Brain injuries can be challenging for patients

I cannot comment other than to say that their experience was atypical to mine.

Editor: I read with interest your story (The Times, Feb. 7) on Brendan and his father’s experience with Redwoods Medical Clinic. I have been a patient of Dr. Ruth Demian and attended Redwoods many times over the last several years, most recently with Mild Traumatic Brain Injury (MTBI) or concussion from a work-related accident.

She and all the staff have been tireless in their support of me in my struggles to make sense of what happened and is happening to me. Every frontline staff member has spent time, over and above escorting me, in the consulting rooms.

Everything from extra assistance with WorkSafeBC (who have been very supportive as well) to simply listening to me as I babbled or cried or raved while working my way through the confusion that can result  from a blow to the head. Given my experience, I must say it was difficult for me to reconcile what happened with Brendan and his father at the clinic.

I was not there, I did not see or hear what transpired, and I cannot comment other than to say that their experience was atypical to mine.

Having said that, I would like to take the opportunity to share some of what I have learned about head injuries involving MTBI. Generally speaking, the first criteria for diagnosing concussion is loss of consciousness (LOC), headache, nausea and general confusion are also used as indicators in evaluating the condition. However, all or none of these may be present by the time an individual gets to see a doctor.

Young children especially seem to initially recover quickly and it can be very challenging for a physician or health care professional to diagnose accurately when the patient is not displaying any symptoms or, as a result of the blow to the head, cannot adequately describe what’s happening to them.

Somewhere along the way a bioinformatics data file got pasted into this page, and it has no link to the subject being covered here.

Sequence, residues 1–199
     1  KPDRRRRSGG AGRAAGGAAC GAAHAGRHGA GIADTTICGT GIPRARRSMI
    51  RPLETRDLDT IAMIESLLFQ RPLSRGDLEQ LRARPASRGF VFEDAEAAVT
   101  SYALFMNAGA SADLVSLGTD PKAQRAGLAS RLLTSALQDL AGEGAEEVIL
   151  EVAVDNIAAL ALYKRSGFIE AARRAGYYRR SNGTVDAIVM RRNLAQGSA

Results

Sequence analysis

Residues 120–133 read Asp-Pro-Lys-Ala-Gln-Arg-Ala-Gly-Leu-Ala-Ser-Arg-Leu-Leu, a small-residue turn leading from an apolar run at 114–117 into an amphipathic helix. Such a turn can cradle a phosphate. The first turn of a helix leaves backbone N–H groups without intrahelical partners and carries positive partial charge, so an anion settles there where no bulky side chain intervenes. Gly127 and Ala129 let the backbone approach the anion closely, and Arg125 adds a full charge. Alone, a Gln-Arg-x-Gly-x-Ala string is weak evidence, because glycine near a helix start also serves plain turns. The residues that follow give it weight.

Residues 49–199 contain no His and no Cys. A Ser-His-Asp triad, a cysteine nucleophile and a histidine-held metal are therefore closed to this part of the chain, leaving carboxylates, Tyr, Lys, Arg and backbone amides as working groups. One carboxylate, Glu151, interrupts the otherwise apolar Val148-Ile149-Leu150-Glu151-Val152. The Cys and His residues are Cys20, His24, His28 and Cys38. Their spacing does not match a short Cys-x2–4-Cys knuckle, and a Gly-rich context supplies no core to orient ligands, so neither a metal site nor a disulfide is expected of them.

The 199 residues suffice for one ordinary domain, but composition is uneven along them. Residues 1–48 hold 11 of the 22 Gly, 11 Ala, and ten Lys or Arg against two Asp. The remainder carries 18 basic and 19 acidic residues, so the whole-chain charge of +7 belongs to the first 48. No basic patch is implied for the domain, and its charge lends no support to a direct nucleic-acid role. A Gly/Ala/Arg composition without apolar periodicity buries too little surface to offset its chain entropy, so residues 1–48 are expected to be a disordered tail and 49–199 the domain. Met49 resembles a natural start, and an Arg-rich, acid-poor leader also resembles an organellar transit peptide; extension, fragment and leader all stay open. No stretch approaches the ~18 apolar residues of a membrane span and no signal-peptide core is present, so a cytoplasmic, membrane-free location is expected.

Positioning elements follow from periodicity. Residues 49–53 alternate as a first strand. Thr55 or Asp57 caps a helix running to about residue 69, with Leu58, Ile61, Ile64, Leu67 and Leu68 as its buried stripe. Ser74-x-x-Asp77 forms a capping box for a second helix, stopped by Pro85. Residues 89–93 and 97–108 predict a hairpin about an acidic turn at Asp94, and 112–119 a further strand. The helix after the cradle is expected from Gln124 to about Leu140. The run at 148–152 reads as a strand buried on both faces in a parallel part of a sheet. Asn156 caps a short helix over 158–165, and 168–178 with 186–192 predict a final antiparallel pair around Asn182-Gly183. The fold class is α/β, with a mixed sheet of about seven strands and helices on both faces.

It is also not uncommon for symptoms to develop in the days that follow a blow to the head with no LOC and little or limited display of headache, nausea etc. at the time.

This list from Children’s Hospital, Boston is conditions to be aware of in the days that follow a blow to the head.

They are a raised, swollen area at the site of the blow, small, superficial (shallow) cut in the scalp, headache, sensitivity to noise and light, irritability, confusion, lightheadedness or dizziness, problems with balance, nausea, problems with memory or concentration, changes in sleep patterns, blurred vision, “tired” eyes, ringing in the ears, complaints of strange or altered taste or fatigue. There are other considerations as well.

If you, or your child (as in Brandon’s case), have received a blow to the head and are symptom free, you are still at higher risk of having problems should another accident (head blow) happen. People with multiple blows to the head often have more symptoms and take longer to recover.

Pay attention to your kids.  A change in behaviour could be as a result of a “couple of’ bumps to the ol’ noggin,” from something as seemingly innocent as heading a soccer ball.

In closing, I would like to thank Dr. Demian and all the staff for their able assistance to me, and offer my condolences to Brandon and dad for their troubles.

Rodney Norfolk,

Langley

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